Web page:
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Malaria is a serious and sometimes fatal disease caused by a parasite that commonly infects a certain type of mosquito which feeds on humans. Four kinds of malaria parasites have long been known to infect humans: Plasmodium falciparum, P. vivax, P. ovale, and P. malariae. Recently, it has been recognized that P. knowlesi, a type of malaria that naturally infects macaques in Southeast Asia, also infects humans, causing malaria that is transmitted from animal to human ("zoonotic" malaria). P. falciparum is the type of malaria that is most likely to result in severe infections and if not promptly treated, may lead to death. Although malaria can be a deadly disease, illness and death from malaria can usually be prevented.
About 1,500 cases of malaria are diagnosed in the United States each year. The vast majority of cases in the United States are in travelers and immigrants returning from parts of the world where malaria transmission occurs, including sub-Saharan Africa and South Asia.
The World Health Organization estimates that in 2008, 190 - 311 million clinical cases of malaria occurred, and 708,000 - 1,003,000 people died of malaria, most of them children in Africa.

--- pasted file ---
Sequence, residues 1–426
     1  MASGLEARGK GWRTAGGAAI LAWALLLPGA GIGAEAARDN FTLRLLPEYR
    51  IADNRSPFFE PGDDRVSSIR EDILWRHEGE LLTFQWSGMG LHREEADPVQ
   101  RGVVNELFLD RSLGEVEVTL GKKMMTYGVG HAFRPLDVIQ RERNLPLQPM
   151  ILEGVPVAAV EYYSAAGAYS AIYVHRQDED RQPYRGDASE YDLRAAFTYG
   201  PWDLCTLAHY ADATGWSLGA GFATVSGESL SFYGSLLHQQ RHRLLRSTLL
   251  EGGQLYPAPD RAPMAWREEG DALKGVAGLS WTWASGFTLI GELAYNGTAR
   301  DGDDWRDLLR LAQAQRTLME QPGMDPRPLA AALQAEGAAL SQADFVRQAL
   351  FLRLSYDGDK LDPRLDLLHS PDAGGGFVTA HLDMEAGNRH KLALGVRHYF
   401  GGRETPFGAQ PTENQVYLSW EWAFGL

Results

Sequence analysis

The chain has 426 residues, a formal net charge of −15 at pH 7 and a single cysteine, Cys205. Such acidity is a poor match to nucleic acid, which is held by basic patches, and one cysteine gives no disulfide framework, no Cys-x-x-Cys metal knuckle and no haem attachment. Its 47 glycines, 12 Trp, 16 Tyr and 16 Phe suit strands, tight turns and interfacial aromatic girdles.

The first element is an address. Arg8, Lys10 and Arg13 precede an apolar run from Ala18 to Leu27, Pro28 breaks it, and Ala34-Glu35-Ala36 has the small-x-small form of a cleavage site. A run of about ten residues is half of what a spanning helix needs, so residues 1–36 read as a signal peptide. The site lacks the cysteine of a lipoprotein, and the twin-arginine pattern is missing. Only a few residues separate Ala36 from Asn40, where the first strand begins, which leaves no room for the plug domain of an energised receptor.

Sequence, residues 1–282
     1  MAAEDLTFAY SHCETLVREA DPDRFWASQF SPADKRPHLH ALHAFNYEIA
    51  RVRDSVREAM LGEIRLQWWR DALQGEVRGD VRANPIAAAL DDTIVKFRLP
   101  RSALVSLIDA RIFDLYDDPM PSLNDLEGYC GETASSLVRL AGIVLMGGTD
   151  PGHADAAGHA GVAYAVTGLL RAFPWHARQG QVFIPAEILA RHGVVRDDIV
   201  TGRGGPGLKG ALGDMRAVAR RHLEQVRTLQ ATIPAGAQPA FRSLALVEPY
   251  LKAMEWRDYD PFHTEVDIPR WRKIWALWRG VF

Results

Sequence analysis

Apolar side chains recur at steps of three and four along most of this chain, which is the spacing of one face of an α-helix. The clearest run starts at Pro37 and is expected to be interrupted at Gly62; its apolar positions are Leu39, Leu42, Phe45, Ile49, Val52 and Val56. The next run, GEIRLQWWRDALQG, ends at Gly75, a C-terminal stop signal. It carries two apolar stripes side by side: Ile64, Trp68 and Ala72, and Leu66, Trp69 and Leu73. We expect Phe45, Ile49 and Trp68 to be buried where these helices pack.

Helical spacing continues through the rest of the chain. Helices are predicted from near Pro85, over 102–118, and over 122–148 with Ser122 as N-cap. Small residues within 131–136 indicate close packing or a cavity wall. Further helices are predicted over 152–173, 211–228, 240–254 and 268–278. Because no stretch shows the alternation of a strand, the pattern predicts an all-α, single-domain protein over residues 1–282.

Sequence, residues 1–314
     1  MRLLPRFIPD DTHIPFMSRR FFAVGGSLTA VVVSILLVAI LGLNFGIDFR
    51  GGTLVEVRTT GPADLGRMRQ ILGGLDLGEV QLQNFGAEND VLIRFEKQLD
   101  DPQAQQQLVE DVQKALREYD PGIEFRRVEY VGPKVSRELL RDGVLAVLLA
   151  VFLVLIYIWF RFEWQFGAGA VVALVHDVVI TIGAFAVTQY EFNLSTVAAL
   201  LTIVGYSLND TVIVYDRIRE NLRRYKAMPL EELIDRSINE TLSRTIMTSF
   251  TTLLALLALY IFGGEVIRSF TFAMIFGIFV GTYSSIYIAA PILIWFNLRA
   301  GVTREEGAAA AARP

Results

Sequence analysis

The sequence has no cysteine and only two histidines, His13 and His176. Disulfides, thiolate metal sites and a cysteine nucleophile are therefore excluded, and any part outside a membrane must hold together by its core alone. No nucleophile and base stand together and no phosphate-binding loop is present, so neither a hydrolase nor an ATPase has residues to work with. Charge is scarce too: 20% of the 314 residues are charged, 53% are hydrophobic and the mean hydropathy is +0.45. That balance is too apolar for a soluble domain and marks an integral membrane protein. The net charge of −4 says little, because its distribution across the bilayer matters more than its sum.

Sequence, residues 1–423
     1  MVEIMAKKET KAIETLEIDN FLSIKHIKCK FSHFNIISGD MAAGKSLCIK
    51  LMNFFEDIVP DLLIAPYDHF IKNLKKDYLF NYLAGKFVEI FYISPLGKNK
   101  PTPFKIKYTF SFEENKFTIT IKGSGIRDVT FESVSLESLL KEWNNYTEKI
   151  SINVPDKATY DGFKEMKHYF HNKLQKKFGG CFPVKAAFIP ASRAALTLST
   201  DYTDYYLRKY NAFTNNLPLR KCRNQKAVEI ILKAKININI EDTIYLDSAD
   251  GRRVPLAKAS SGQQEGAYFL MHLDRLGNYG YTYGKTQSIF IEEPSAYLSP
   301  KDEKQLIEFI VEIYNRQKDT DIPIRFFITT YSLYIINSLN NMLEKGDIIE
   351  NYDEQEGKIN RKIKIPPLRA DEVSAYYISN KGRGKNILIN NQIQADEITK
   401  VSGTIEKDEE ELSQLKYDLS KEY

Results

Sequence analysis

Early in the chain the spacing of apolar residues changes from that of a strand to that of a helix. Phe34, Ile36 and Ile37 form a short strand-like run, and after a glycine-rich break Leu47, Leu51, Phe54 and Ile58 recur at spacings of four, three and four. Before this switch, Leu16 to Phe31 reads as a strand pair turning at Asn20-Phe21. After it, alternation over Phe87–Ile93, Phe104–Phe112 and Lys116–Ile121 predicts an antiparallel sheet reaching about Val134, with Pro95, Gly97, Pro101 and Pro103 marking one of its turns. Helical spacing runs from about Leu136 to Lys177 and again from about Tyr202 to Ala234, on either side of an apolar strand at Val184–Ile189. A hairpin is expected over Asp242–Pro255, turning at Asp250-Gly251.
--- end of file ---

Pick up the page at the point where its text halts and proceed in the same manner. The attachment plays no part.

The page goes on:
Symptoms of malaria include fever and flu-like illness, including shaking chills, headache, muscle aches, and tiredness. Nausea, vomiting, and diarrhea may also occur. Malaria may cause anemia and jaundice (yellow coloring of the skin and eyes) because of the loss of red blood cells. If not promptly treated, the infection can become severe and may cause kidney failure, seizures, mental confusion, coma, and death.
For most people, symptoms begin 10 days to 4 weeks after infection, although a person may feel ill as early as 7 days or as late as 1 year later. Two kinds of malaria, P. vivax and P. ovale, can occur again (relapsing malaria). In P. vivax and P. ovale infections, some parasites can remain dormant in the liver for several months up to about 4 years after a person is bitten by an infected mosquito. When these parasites come out of hibernation and begin invading red blood cells ("relapse"), the person will become sick.
The surest way for you and your health-care provider to know whether you have malaria is to have a diagnostic test where a drop of your blood is examined under the microscope for the presence of malaria parasites. If you are sick and there is any suspicion of malaria (for example, if you have recently traveled in a country where malaria transmission occurs), the test should be performed without delay.
The disease should be treated early in its course, before it becomes serious and life-threatening. Several good antimalarial drugs are available, and should be taken early on. The most important step is to think about malaria if you are presently in, or have recently been in, an area with malaria, so that the disease is diagnosed and treated right away.
Malaria can be cured with prescription drugs. The type of drugs and length of treatment depend on the type of malaria, where the person was infected, their age, whether they are pregnant, and how sick they are at the start of treatment. See the CDC Guidelines for Treatment of Malaria.